BU research offers hope for Vrushabhavathi

The technology, developed by BU researcher Sucharitha Tandon, makes use of activated carbon made of bagasse, an agro waste, at an affordable cost.

The Vrushabhavathi water, which passes through the campus, was made to go through two channels of activated carbon prepared in the Department’s laboratory.

“After the black coloured water was made to pass through the carbon column, we could extract colourless, odourless water within five minutes,” explains Sucharitha. Sucharitha, who is researching on activated carbon under the guidance of Dr Nandini, adds that apart from removing odour and colour, that activated  carbon also extracts heavy metal like Copper, Chromium and Zinc.

Microbial colony reduced

“We have found that even microbial colony can be reduced by 50 per cent,” she says. She said that the biological oxygen demand (BOD) which was 952 microgram per litre (mg/ ltr) was reduced to eight. Water hardness which was 400 mg/ltr was reduced to 250 mg/ltr.

Elaborating further, she says 20 kg of activated carbon is sufficient for treating one thousand litres of water. And to prepare 20 kg of activated carbon, about 40 kg of agro waste is needed. The metals that are extracted by the carbon column can be used by electroplating industries and the carbon can be decomposed and used as manure, Sucharitha explains.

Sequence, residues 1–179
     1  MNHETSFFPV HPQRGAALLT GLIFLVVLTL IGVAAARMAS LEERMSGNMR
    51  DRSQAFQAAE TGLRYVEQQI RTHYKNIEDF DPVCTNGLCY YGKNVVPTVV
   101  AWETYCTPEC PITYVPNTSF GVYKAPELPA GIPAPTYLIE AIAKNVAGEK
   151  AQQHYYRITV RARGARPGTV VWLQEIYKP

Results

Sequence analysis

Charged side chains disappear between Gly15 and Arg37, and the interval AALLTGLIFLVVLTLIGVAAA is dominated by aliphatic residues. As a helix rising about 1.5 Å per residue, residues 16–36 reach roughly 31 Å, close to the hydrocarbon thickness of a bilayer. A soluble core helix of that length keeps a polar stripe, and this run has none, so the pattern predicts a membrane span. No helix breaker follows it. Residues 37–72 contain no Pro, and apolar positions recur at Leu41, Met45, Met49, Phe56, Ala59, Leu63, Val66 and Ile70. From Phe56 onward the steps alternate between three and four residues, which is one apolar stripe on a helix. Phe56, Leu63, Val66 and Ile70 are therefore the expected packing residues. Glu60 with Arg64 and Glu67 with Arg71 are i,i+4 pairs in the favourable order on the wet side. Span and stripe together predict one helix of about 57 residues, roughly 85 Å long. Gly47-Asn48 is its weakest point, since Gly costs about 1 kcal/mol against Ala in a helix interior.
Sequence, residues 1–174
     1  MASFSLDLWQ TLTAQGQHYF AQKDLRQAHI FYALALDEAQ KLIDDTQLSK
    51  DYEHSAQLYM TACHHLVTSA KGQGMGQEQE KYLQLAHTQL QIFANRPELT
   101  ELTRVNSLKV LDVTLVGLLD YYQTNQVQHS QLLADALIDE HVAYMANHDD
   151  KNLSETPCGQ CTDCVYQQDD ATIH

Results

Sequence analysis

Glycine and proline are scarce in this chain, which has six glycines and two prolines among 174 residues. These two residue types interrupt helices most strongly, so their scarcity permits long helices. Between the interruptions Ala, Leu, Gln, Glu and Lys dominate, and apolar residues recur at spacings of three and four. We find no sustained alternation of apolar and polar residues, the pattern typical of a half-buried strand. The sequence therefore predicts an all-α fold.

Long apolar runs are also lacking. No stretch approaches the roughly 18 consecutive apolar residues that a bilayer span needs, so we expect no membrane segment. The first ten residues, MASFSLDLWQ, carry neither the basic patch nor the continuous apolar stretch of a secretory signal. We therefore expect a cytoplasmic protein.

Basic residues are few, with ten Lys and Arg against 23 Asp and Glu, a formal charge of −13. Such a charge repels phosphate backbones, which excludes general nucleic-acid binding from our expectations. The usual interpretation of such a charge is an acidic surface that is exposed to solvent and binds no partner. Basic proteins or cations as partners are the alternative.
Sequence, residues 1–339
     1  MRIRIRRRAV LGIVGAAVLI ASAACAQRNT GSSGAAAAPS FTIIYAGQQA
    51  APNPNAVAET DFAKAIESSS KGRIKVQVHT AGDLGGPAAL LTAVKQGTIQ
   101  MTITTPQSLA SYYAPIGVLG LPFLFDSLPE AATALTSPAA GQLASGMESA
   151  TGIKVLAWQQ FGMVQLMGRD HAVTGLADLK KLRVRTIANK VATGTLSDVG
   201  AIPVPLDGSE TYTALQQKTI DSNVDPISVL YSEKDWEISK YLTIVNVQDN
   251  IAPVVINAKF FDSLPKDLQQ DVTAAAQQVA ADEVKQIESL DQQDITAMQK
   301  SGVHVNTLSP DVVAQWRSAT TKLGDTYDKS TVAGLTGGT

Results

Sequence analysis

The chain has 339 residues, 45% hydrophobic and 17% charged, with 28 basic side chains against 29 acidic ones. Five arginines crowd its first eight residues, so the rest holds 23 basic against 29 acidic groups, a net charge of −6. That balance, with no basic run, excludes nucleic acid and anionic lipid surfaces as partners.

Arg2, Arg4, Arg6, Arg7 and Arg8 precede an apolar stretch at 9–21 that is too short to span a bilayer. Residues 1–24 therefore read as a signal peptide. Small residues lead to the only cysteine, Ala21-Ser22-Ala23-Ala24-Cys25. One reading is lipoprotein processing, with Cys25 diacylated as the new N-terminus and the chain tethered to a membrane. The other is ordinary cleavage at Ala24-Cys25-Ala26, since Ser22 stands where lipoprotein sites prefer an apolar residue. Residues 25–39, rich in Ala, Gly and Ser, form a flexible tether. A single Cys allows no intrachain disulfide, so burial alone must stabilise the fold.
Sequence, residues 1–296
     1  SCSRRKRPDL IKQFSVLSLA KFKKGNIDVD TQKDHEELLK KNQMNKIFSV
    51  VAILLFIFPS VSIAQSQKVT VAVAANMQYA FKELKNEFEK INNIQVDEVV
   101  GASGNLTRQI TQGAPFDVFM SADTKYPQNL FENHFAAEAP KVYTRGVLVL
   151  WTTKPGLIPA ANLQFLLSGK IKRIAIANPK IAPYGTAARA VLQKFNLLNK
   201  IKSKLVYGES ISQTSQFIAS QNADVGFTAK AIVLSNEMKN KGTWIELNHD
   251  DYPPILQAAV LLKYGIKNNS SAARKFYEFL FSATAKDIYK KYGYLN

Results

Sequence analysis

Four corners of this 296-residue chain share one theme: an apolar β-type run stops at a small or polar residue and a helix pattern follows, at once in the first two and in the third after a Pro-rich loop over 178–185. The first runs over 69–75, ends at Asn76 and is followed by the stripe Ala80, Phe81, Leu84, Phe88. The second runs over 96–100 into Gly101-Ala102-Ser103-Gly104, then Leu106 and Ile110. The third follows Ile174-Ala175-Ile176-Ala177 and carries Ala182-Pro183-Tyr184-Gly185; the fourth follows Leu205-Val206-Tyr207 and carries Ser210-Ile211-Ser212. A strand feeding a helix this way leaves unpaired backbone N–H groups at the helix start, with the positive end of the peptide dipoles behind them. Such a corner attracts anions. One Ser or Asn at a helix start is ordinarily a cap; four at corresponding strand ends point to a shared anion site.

Activated carbon prepared using bagasse has lignite content and 60 per cent more carbon. It is more effective than activated carbon obtained from other products like coconut shell, rice husk, almond seeds and maize cob. It is also found to be better equipped to remove metal content. A proposal has been submitted to construct a treatment plant in the varsity to treat Vrushabhavathi water.

 

Activated carbon from waste

Sucharitha, who is working on activated carbon for her PhD on Industrial Waste Treatment, says that activated carbon can be extracted from any domestic waste, which is rich in carbon content. Carbon obtained thus can be used for industrial effluent treatment too.

“I used orange peels, used tea leaves and other agro waste products before finalising on bagasse,” she adds.

DH News Service

Liked the story?

  • 0

    Happy
  • 0

    Amused
  • 0

    Sad
  • 0

    Frustrated
  • 0

    Angry